Meenakshiamma has been practicing the ancient Indian martial art of Kalaripayattu since she was 7 years old. She is now 73, and has many students of her own in Vatakra, a place in the state of Kerala, India, where the style originated.
The martial art looks like something off of an ancient Indian battlefield, especially the saber swords and round shields. Part of the reason Meenakshiamma is such an expert in the art is that she married her Kalaripayattu teacher. Her father was also key in encouraging her to continue her training.
Nowadays, she finds more women and girls are joining her classes, turning into female Kalaripayattu warriors. Meenakshiamma feels martial arts is essential for women to stay safe in today’s society.
She told NDTV the response to her classes.
“In today’s times’ women cannot walk outside freely. They should train themselves in Kalaripayattu.
Unlike before, there are so many elderly women and young girls who are coming forward to get trained.”
The video of her sparring with her son became a YouTube hit.
Kalaripayattu is only one of many Indian martial arts styles. These arts have yet to propagate into other countries, despite being some of the oldest martial arts in existence.
Indian martial arts and the development of Kalaripayattu dates back to the Sangam period, which spans from 300 B.C. to A.D. 300, and refers to southern Indian civilization. Works of literature from the time period mention martial arts styles that contain similarities to Kalaripayattu.
In a similarity to Chinese martial arts, Indian martial arts are also related to dance and spirituality. In Indian martial arts, elements of yoga postures can be seen, and similarities with the dance styles of the region are also there, perhaps because warriors used their fighting movements as performing arts movements during periods of peace.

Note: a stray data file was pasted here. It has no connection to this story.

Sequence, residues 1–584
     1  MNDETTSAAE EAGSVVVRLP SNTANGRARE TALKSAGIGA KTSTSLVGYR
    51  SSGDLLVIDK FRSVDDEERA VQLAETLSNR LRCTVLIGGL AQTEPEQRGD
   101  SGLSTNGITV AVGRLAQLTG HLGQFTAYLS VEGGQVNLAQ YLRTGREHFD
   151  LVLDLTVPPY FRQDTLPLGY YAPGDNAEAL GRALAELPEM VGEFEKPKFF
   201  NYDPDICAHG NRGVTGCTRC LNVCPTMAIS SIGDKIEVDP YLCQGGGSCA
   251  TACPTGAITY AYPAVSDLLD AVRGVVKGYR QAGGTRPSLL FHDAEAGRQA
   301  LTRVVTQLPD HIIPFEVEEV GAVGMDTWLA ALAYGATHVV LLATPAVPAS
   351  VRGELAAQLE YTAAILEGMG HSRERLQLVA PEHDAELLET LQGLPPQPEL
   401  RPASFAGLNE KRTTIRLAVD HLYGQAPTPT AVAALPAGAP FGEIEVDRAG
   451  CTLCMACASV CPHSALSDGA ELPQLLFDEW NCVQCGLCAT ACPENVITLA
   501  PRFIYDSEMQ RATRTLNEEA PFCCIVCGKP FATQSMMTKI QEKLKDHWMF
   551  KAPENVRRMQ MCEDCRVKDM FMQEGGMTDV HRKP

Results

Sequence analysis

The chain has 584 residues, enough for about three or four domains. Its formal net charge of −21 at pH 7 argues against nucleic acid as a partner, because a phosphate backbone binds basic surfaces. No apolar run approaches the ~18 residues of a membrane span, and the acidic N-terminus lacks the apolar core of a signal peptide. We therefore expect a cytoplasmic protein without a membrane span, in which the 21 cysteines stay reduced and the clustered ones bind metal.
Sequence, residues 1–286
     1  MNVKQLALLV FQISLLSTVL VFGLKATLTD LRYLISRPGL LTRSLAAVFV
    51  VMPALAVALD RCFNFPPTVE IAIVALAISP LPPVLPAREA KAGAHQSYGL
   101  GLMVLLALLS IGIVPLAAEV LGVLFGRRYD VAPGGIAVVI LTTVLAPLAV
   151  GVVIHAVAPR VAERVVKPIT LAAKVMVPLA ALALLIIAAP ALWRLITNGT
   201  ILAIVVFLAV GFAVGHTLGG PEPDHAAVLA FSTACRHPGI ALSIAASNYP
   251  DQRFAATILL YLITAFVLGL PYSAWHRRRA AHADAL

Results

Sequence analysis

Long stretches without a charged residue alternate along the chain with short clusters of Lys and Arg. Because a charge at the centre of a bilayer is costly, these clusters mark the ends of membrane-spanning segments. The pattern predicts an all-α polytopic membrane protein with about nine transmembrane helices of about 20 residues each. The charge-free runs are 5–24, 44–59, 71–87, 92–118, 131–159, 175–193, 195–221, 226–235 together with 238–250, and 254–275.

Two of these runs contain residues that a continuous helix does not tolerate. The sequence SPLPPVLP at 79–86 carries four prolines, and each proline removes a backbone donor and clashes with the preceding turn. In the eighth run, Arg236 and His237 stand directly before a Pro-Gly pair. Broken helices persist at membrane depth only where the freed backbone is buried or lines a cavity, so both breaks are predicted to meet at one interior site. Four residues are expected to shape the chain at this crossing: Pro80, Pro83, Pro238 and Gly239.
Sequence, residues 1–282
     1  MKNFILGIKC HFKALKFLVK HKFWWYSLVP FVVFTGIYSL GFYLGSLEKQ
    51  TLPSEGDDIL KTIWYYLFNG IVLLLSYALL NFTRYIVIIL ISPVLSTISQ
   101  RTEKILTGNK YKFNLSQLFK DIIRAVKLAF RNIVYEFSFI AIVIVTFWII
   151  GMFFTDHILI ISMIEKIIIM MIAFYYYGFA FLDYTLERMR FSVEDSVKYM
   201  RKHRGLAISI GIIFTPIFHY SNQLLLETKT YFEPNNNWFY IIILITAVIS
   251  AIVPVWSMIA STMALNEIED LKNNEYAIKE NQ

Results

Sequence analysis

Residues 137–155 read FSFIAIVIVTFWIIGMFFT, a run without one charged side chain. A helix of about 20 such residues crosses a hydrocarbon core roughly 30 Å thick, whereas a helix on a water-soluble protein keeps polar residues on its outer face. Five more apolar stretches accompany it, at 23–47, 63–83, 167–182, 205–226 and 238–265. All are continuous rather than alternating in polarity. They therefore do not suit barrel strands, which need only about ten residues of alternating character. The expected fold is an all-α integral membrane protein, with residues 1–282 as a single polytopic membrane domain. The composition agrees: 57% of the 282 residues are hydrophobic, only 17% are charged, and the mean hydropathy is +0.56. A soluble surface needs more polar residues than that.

Just as in Chinese and Japanese martial arts, the fighting style varies by region. In Chinese martial arts, southern and northern styles of praying mantis hold little resemblance to each other.
In Japan, the sumo wrestling practiced on the mainland looks almost nothing like the sumo style practiced in Okinawa. Kalaripayattu has such variations that you can find by looking at northern, southern, and central variants, along with individual lineages of schools having differences in teaching traditions.
Healing arts are also usually incorporated.
Fighting consists of a collection of steps and postures. Upper level practitioners learn pressure point strikes.
The knowledge of pressure points is also used in the massage and healing components of the martial art. There are also a number of weapons, like various kinds of swords and staffs, shields, and bow and arrow, some of which are hard to find in practice sessions today.
The history of Indian martial arts is quite extensive, with other arts that focus on boxing, kicking, wrestling, etc., spread throughout the span of old India, which consists of current day India, along with its former territories of Pakistan, Bangladesh, Sri Lanka, and Nepal, to a certain extent.
Meenakshiamma’s agility at her advanced age testifies to the power of Kalaripayattu and Indian martial arts. Actually, to even begin training in Kalaripayattu is quite a journey.
Fightland talks about how people who want to begin training need to approach a school, called a karali.
“Part of the gym is dedicated as a shrine to various Hindu gods and patron saints. When one joins a kalari, one must first undergo a ritual initiation.
“Part of this initiation involves praying to the Hindu gods, touching the instructor’s feet as a sign of deep respect, and being wrapped in the fighter’s loin cloth. Some kalaris also require new students to undergo an extensive massage, sometimes for several weeks, performed by the master using only his feet.
“This is supposed to loosen the muscles, so as to prepare the martial artist for future training.”
As for claims that Indian martial arts like Kalaripayattu were passed into China along with Buddhism and preceded Chinese martial arts, it is more complex than that. Not all martial arts in China were carried in with the spread of Buddhism.
China had warriors before Buddhism’s arrival, and China also has countless martial arts that come from its Taoist traditions.